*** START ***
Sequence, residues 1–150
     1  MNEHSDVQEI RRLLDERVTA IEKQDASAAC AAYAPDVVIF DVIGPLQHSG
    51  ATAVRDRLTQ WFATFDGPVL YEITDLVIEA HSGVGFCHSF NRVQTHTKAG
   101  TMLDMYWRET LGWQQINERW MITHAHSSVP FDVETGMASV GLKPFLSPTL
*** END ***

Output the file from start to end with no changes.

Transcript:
Sequence, residues 1–150
     1  MNEHSDVQEI RRLLDERVTA IEKQDASAAC AAYAPDVVIF DVIGPLQHSG
    51  ATAVRDRLTQ WFATFDGPVL YEITDLVIEA HSGVGFCHSF NRVQTHTKAG
   101  TMLDMYWRET LGWQQINERW MITHAHSSVP FDVETGMASV GLKPFLSPTL